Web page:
In view of these compelling reasons , the Committee recommends reduction in the total period of Induction Training from presently two years (103 weeks) to around one-and-a-half years (75 weeks). This is proposed to be apportioned across various components of Induction Training as follows:
A. Institutional training at the Academy
The Committee recommends revision of the inter-se allocation of time in the training courses at the Academy as follows:
i. Foundation Course: The Committee proposes retention of the existing
duration at 15 weeks.
ii. IAS Professional Course (Phase I): The Committee finds some slack in the total duration of Phase I and proposes reduction in it from 26 weeks to 21 weeks. This would be as follows:
- Academic instruction: 12 weeks
- Winter Study Tour: 7 weeks
- BPST: 1 week
- Block Leave: 1 week
iii. IAS Professional Course (Phase II): The Committee finds that a large quantum of contact hours is consumed by individual presentations. It recommends reduction in the total duration of the course from 8 weeks to 6 weeks. This would include:
- Presentations, Seminars, Group Work, et al: 5 weeks
- Foreign Study Tour: 1 week
B. District Training
In view of the strong feedback received from recent batches of IAS officers about the relatively sub-optimal effectiveness of attachments in the district and the relatively higher utility of independent charges for on-the-job learning, the Committee has revised the duration of attachments and independent charges. The Committee recommends reduction of the period of District Training from 54 weeks to 33 weeks which is as follows:
- Joining time from Academy to State: 1 week
- Institutional training at State ATI (including State Darshan, Debriefing, et al): 5 weeks
- Attachment with Collector and subordinate revenue offices: 4 weeks
- Attachment with miscellaneous district offices (of line departments): 4 weeks
- Attachment with State Secretariat: 1 week
- Departmental Examinations: 1 week
- Independent charge of BDPO: 8 weeks
- Independent charge of Tehsildar: 6 weeks
- Independent charge of Executive officer of Municipality: 3 weeks
The details of the revised training cycle (over 75 weeks) have been provided in Annexure E.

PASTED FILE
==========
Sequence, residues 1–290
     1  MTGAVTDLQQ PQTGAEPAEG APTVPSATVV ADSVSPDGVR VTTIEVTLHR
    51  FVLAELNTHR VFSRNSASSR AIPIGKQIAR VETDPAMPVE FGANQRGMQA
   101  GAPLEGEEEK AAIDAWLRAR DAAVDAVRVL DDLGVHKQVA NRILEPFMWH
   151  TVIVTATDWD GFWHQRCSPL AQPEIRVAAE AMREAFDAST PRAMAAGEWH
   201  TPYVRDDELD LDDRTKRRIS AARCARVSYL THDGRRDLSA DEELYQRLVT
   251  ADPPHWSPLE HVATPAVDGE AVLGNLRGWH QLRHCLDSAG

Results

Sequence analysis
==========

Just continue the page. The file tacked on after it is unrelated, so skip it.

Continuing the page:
The Committee would like to specifically comment on the issue of award of PG Diploma to the IAS Officer Trainees in the event of a reduced training duration of 75 weeks. In all likelihood, this may not present any complication with regard to the award of a PG Diploma by the Academy. However, in case AICTE considers a 2-year period as mandatory, the Trainees could be given an additional assignment over the next 6 months (post completion of training) and the Diploma certificate could be awarded (after evaluation) upon completion of the stipulated period of two years.
Content of Training Courses
The Committee recommends the adoption of the syllabus prescribed by the Ayyar Committee with some modifications made therein. This has factored the feedback received from Officer Trainees and IAS officers from various states. This is given at Annexure B and may be gainfully utilized by the Academy while preparing future course designs. The revised syllabus, as suggested by the present Committee for the Foundation Course and Phase I is given at Annexure F. With regard to each of the training courses, the Committee would like to make the following recommendations:
A. Foundation Course: The recommendations qua the content and design of the course are as follows:
The design of the course and curricula must be outcome-based, i.e. what the Academy expects an Officer Trainee to achieve at the end of the course, and which could be evaluated.